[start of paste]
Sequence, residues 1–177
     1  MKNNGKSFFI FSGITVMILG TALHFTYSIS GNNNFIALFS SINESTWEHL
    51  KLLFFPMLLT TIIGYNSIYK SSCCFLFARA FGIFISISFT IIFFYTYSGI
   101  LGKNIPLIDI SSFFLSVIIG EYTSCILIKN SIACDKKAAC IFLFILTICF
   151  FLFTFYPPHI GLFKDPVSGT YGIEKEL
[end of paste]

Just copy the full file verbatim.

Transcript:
Sequence, residues 1–177
     1  MKNNGKSFFI FSGITVMILG TALHFTYSIS GNNNFIALFS SINESTWEHL
    51  KLLFFPMLLT TIIGYNSIYK SSCCFLFARA FGIFISISFT IIFFYTYSGI
   101  LGKNIPLIDI SSFFLSVIIG EYTSCILIKN SIACDKKAAC IFLFILTICF
   151  FLFTFYPPHI GLFKDPVSGT YGIEKEL